In the forest industry, Chile’s exports of forest products ascended to $4.642 billion USD during the first eight months of the year (latest data available), representing year over year growth of 22.7% versus the same period last year. Exports peaked for the quarter during the month of August with $655 million USD of products exported (12% higher versus August of last year). China and the United States continue to be the main drivers for demand of Chilean forest products exports, representing 29% and 25% of market share, respectively. Although strong forestry export growth is welcome news, the sector remains concerned about rising freight rates and continued global logistical problems.
BRAZIL — During the quarter Brazil’s COPOM (Monetary Policy Committee) met twice and increased the reference interest rate once to 13.75%. It is expected to be maintained at this level for the remainder of the year. Brazil’s swift actions to control inflation earlier in the year started showing results by the third quarter as YTD inflation through the end of the quarter registered 4.09%, and annual inflation for the year is expected to come in at approximately 5.71%. Energy, fertilizer and other commodity prices which were key drivers for high inflation earlier in the year showed signs of stabilization and cost reduction by end of the third quarter.
In the forest sector, although the global economy starts showing signs of deteriorating macro conditions, pulp prices through the end of the quarter are still expected to continue to be stable given global supply constraints. Pulp production in Brazil through June 2022 (latest data available) increased by 7.8% versus the same period last year. Export volumes of pulp during this period also rose by 15.9% when compared to the same period last year.
Finally on October 2nd, a couple of days after the end of the quarter, Brazilians went to the polls in the most recent election cycle. The most important position on the ballot was the presidential election, which saw the incumbent Jair Bolsonaro face off against Brazil’s ex-president Luiz Inacio Lula da Silva. Lula captured 48.3% of the votes with Bolsonaro registering a surprising 43.3% of the votes and forcing a runoff election to be held on October 30th. Other positions on the ballot were certain governors, senate and congress positions.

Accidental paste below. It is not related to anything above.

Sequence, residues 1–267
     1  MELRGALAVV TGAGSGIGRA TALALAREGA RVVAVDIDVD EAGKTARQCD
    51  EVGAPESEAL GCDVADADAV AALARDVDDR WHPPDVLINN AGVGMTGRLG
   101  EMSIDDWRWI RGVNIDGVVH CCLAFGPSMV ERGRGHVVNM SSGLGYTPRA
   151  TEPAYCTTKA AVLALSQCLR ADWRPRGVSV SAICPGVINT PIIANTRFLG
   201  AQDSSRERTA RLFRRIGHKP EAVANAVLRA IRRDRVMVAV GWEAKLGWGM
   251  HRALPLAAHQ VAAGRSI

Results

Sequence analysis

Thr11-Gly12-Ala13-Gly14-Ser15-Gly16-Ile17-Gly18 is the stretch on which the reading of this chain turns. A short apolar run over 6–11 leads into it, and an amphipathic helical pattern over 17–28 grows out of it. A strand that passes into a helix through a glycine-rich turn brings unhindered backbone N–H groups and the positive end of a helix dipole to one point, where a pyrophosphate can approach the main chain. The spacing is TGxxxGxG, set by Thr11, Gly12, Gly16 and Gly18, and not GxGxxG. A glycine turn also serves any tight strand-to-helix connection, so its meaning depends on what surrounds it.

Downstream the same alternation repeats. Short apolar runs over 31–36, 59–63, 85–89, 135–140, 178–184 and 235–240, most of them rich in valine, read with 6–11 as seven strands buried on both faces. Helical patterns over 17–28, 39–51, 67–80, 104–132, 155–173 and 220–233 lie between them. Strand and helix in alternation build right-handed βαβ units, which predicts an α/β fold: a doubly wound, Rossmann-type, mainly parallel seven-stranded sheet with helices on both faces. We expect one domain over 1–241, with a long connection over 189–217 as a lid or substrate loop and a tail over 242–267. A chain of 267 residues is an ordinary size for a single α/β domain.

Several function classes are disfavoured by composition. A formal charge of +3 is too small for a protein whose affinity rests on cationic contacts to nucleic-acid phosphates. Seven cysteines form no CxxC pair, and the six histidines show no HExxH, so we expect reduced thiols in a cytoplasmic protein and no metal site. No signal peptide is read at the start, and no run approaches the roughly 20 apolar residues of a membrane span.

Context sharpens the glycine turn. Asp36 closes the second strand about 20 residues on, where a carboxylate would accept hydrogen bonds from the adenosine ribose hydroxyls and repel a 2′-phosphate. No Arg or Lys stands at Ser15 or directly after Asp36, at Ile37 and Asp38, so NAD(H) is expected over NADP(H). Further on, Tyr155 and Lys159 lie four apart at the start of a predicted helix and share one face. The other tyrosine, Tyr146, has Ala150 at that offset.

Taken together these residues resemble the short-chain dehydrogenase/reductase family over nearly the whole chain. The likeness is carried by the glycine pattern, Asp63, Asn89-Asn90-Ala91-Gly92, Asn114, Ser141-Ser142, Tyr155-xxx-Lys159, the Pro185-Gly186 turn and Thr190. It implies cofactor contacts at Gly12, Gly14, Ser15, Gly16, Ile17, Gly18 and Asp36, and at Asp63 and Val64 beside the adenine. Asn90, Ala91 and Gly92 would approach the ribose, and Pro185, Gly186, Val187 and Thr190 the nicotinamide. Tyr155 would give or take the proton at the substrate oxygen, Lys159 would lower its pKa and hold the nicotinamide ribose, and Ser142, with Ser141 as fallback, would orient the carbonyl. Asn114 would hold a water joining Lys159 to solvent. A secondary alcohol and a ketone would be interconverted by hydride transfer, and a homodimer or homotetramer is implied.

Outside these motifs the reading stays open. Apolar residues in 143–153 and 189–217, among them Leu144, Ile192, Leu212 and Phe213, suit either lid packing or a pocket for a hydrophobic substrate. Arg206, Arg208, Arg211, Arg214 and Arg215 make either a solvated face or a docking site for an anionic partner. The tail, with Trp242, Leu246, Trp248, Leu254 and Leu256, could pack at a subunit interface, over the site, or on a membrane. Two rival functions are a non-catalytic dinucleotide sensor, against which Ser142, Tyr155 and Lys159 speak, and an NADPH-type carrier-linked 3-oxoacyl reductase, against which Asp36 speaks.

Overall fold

HOUSING — Housing starts in August hit a level of 1.575 million units, up 12.2% from the month prior, though building permits dropped 10% indicating continued volatility in the sector.
MORTGAGE RATES — Mortgage rates are heading closer to 7% as of the start of Q4, more than double the average rate a year ago, putting a significant strain on the housing market.
JOBS — Initial filings for unemployment claims fell to their lowest level in five months as of the end of September. Claims hit 193,000, coming in below the average estimate of 215,000.
CONSUMER CONFIDENCE — The University of Michigan’s consumer sentiment index for September stood at a level of 58.6, up slightly from the final August reading of 58.2. Those numbers are up from a low of 50 in June, but down substantially from the low 70s a year ago.
INFLATION — In August, The Fed’s Personal Consumption Expenditures (PCE) index increased 6.2% from the year prior. The so-called “core” PCE price index climbed 4.9% on a year-on-year basis in August after increasing 4.7% in July. Other inflation measures are running much higher. The consumer price index increased 8.3% year-on-year in August.
TRADE DEFICIT — The U.S. trade deficit in goods narrowed for the fifth month in a row in August to $87.4 billion, reflecting reduced demand for imports and the negative effects of a strong dollar on sales of American-made products. Just five months ago, the gap peaked at a record $125 billion. It has now slid to the lowest level since October 2021.
INTEREST RATES — The yield on the 10-year treasury has approached 4% recently, up from 1.5% a year prior. The Fed Funds target rate is 3.25%, up from 2.5% a month ago.
OIL PRICES — Oil prices tracked lower over the third quarter, to around $80 per barrel, reflecting fears of a global slowdown in growth.
U.S. DOLLAR — The U.S. dollar has strengthened significantly relative to currencies globally, reflecting an increase in U.S. interest rates and the potential for a meaningful recession in Europe. Reflecting this, the U.S. Dollar hit parity with the Euro in late August, and has continued to track higher.